This situation isn't without its head-scratchers, though -- the Browns don't have a head coach at the moment.
Of course, Cleveland's reported interest in acquiring the Texas A&M QB could be a smokescreen, but what if it's real? Is it a wise strategy to make such a significant decision before sitting down with a head coach to get his feedback?
It wouldn't be uncharted territory for the Browns to explore, but it is territory that is rarely trodden. Typically you build a team to fit a coach's system. In this case, we don't know what the Browns' system is unless the team's management is dictating it and will pick a coach that it believes suits the personality and style of quarterback it would draft.
It's going to be interesting to see what the new coach brings in if the franchise is indeed wedded to Manziel. Is Manziel's imminent arrival something the new coach is going to be informed of going in? Will that change who wants the job in Cleveland? Will that change how the head coach runs his offense?
Whoever ends up coaching Manziel is about to embark on a heck of a journey. It will have to be someone willing to accept improv. It can't be a guy who goes by the book. If you approach the opportunity with trepidation, it's not going to go well. He's going to have to be willing to meet Manziel halfway on things.
Manziel is such a rare and tremendous talent. In the past year, he has improved his fundamentals, but everything from his footwork to how he holds the ball still needs coaching. He still has the best sense of the pocket that I've seen. He doesn't have a sixth sense in the pocket -- he has a seventh and eighth sense back there. Not many people have that. It's a precious commodity.
Manziel is used to playing quarterback a certain way, and he's going to have to go through some processes that tell him he can't do it certain ways anymore when he gets to the next level. The coach won't be able to tell him, "You can't do this anymore." Manziel is going to test him. He's like the kid that you tell not to touch the stove because it's hot. You can count to three and know he's still going to touch the stove.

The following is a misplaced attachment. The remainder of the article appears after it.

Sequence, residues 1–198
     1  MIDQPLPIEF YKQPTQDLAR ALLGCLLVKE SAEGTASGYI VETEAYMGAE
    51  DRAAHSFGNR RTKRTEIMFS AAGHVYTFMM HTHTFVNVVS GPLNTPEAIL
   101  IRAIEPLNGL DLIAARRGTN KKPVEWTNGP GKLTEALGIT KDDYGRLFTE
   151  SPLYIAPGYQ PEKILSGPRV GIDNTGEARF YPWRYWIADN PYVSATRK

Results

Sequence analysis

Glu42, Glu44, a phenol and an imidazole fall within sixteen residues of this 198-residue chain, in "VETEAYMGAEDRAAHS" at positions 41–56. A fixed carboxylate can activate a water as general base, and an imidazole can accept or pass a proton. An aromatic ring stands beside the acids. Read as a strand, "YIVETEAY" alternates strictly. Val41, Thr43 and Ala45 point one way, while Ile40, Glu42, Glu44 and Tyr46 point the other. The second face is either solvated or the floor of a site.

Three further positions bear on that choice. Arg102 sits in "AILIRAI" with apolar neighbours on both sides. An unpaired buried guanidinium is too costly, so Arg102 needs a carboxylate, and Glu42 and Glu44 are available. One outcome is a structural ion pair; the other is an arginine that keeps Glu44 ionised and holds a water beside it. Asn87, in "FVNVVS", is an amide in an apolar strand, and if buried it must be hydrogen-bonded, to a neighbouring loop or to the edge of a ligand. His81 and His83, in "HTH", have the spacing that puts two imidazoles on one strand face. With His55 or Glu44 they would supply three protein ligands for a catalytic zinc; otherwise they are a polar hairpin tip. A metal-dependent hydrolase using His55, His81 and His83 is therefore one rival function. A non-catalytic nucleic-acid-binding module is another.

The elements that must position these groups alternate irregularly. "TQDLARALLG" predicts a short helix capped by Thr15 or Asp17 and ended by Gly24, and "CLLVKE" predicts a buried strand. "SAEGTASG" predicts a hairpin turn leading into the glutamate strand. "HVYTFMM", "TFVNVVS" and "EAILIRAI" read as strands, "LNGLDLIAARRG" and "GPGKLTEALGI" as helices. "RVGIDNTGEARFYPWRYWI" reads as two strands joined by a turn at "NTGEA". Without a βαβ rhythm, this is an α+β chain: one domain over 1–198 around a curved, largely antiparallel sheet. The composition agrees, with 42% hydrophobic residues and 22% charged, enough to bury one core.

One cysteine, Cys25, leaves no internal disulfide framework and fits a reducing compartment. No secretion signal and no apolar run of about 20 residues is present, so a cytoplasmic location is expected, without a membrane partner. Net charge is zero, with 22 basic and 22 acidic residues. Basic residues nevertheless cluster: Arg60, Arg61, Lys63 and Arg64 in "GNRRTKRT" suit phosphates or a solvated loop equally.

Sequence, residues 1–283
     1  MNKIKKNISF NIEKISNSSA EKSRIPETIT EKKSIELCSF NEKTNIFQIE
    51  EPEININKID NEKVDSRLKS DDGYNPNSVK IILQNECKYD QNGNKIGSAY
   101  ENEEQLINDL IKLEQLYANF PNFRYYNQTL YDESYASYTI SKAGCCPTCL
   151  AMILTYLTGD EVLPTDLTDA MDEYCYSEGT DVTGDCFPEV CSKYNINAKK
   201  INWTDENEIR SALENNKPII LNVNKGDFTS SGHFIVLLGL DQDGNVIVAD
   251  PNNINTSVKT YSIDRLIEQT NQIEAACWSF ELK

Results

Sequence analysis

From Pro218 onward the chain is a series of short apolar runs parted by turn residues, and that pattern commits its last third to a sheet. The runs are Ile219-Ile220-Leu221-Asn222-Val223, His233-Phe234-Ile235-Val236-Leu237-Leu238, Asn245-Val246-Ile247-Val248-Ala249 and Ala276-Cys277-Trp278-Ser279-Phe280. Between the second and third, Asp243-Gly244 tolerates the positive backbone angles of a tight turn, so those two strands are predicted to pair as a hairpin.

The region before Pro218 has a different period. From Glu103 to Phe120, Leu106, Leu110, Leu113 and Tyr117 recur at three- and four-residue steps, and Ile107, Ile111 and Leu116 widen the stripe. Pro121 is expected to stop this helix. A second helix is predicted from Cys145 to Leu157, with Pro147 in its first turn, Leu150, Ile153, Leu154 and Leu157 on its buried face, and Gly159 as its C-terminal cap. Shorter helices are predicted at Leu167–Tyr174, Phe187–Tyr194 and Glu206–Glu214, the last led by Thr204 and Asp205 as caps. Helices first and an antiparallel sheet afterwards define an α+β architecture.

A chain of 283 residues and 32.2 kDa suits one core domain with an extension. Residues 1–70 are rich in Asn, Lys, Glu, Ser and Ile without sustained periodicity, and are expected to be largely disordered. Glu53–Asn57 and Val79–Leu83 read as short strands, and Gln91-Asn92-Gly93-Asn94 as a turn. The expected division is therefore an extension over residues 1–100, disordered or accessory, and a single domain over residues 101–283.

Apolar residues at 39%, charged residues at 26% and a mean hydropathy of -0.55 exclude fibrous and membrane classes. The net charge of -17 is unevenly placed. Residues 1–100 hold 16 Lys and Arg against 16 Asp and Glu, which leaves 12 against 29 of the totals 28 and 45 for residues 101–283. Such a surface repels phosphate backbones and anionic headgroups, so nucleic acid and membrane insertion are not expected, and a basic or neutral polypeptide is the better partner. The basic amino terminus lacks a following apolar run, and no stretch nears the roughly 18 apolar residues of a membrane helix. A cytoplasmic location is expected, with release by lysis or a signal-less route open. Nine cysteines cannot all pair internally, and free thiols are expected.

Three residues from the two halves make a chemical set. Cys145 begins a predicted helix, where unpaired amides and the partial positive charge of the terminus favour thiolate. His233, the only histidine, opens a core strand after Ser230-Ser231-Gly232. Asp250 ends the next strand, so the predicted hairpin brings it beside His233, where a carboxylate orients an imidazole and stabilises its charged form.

Sure, a coach can harness and tweak Manziel's game a bit. Tom Landry never totally harnessed Roger Staubach, and that was a good thing. Fran Tarkenton was coached by Norm Van Brocklin, who used to go berserk every time Tarkenton stepped out of the pocket. He never truly harnessed him. That was a good thing. Brett Favre would drive Mike Holmgren crazy. Holmgren never truly harnessed him, and that turned out just fine.
Manziel's coach will have to have some structure, but he'll have to be able to allow that structure to be broken along the way, too, because otherwise there's no sense in putting the two together.
Genius comes with a little bit of a price. Manziel's next coach will have to be careful not to take the magic out of his game.
Who wouldn't want to take Manziel and work with him? "If you don't, I don't want you coaching my team anyway" -- that might be how the Browns are looking at this situation.
QBs impressing early at Shrine Game practice
They're not big names, but quarterbacks are generating plenty of buzz at practice this week for the East-West Shrine Game. I was on hand to watch Monday's session, and Eastern Illinois' Jimmy Garoppolo, Cornell's Jeff Matthews and Ball State's Keith Wenning grabbed my attention in a hurry.
Some defensive backs caught my eye, too. Purdue CB Ricardo Allen is a ballhawk and had a really good first day of practice. Rice CB Phillip Gaines showed good speed and athletic ability, and Duke CB Ross Cockrell competed very well. Washington CB Sean Parker and Oklahoma State CB Daytawion Lowe will be fun to watch this week, as will underrated players like Arizona CB Shaquille Richardson, Oregon State CB Rashaad Reynolds and Minnesota safety Brock Vereen, the younger brother of Patriots RB Shane Vereen. A lesser-known name to remember is Lindenwood CB Pierre Desir.
Follow Charles Davis on Twitter @CFD22.